A community forum on suicide prevention featured as much audience participation as panel discussion as attendees and experts shared views and advice on recognizing and helping vulnerable youth, adults and veterans.
The forum, “Let’s Talk…A Community Forum on Suicide and its Prevention,” on March 30 was sponsored by the St. Peters Health & Wellness Advisory Committee, a group of community volunteers that advises the city’s Board of Aldermen and city officials.
Members of a three-member panel that led the discussion said suicide attempts, particularly by young people, continue to rise. And suicide is a major issue for young veterans who are trying to reenter civilian life.
Heather Davidson, director of youth services for SSM Behavioral Health Services, said about 30 young people between the ages of 15 to 24 die of suicide each year in the St. Louis area.
According to the Centers for Disease Control and Prevention [CDC], there were 41,149 suicides in 2013 in the United States. About 1.3 million adults age 18 and older attempted suicide in 2015, with suicide the second leading cause of death among persons aged 13 to 34.
The CDC statistics are about two years behind, according to Davidson. “They’re going up – we’re seeing much of that on the youth side, and also on the adult side,” Davidson said.
Molly Dwyer-Simonsen, team leader of outpatient behavioral health programs at SSM Behavioral Health Services, said five years ago suicide was the tenth leading cause of death. “Now, it’s eighth,” Dwyer-Simonsen said. “That kind of puts things into perspective that it’s jumped up that much in less than five years. It was more prevalent than we’re aware of.”
Davidson, Dwyer-Simonsen, and Wendell W. Webb, national senior commandant for the Marine Corps League, discussed the need to recognize and treat depression and recognize signs of suicidal tendencies. They also advised being direct and open about talking about suicide and taking immediate action such as seeking help from medical professionals and agencies that specialize in crisis intervention and suicide prevention.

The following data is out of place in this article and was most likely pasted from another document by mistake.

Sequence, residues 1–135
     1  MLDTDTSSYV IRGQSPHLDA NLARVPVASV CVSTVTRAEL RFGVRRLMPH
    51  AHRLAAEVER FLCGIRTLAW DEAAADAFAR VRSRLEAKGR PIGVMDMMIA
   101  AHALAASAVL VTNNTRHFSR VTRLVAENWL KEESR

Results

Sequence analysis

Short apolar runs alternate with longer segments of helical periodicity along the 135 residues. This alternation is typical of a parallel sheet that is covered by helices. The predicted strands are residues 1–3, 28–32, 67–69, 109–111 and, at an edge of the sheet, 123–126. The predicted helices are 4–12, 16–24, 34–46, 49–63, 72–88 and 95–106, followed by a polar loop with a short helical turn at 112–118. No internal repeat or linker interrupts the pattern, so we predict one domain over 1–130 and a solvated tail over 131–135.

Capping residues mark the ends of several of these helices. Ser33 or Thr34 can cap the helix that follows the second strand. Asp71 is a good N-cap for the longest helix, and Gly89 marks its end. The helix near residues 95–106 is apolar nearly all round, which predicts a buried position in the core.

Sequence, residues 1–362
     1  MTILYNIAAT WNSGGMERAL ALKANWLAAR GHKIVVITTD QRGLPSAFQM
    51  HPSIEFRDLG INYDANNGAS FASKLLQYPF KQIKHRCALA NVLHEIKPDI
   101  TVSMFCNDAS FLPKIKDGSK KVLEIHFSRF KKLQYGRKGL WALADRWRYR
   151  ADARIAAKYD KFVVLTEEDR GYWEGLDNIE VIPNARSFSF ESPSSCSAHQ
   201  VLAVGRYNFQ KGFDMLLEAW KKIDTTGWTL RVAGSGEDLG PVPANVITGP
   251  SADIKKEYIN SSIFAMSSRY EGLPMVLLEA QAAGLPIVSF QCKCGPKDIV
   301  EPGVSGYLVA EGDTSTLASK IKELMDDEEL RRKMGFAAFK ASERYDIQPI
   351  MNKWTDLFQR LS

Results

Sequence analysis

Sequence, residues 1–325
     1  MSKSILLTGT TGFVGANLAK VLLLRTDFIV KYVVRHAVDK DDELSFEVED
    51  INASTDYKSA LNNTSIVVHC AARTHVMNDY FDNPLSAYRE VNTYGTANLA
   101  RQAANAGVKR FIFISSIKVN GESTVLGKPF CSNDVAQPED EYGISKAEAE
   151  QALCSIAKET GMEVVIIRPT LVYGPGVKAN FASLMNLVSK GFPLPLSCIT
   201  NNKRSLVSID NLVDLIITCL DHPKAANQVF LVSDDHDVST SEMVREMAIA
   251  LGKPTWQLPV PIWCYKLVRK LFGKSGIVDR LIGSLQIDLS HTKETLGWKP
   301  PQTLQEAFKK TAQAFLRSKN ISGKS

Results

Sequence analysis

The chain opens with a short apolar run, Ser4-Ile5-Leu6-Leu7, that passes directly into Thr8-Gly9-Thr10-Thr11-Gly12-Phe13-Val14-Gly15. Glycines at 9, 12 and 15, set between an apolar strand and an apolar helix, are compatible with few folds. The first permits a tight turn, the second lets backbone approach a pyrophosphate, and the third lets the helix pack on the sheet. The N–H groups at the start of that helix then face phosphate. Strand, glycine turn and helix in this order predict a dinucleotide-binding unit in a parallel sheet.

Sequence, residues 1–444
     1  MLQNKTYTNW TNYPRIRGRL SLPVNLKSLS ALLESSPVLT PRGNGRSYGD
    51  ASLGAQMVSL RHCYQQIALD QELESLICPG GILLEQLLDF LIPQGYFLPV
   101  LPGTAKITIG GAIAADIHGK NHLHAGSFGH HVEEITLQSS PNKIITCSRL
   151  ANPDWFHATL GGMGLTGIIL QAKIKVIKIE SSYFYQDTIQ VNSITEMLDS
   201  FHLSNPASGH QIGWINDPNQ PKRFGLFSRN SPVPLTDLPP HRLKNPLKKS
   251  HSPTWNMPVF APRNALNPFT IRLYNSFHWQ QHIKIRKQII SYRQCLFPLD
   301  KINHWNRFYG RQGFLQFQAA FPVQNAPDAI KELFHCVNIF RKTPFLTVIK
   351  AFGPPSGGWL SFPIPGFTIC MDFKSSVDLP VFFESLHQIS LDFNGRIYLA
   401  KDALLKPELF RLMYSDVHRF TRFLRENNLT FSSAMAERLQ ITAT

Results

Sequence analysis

Most of all, they advised not being judgmental but listening to what someone says. “They don’t want us to fix it, they just want someone to listen,” Dwyer-Simonsen said. “And listening is a very trained and learned skill.” Opening a dialog with family members also helps with opening up with friends and others, she said.
Dwyer-Simonsen said genetics can play a role in some forms of depression as can drug and alcohol abuse. Having an experience with someone who committed suicide, the news media, and use of the Internet can increase risk factors. “It makes it [suicide] more plausible and somehow more acceptable to actually think about that and go through with it,” she said.
Davidson said economic issues and cyber-bullying through the Internet also can create depression and anxiety. She said medical professionals also are seeing higher numbers of gay and lesbian young people.
Webb, who works with Marines and other veterans, said veterans organizations have actually seen a drop in suicides locally, largely because agencies and organizations are providing direct treatment and engaging veterans.
Often the issues behind suicide may not stem from combat in, say, Afghanistan, but arise when veterans come home. “When he or she comes home, they’ve lost purpose,” Webb said. Because of changes at home while they are in the military they feel they often don’t fit in anymore, he said.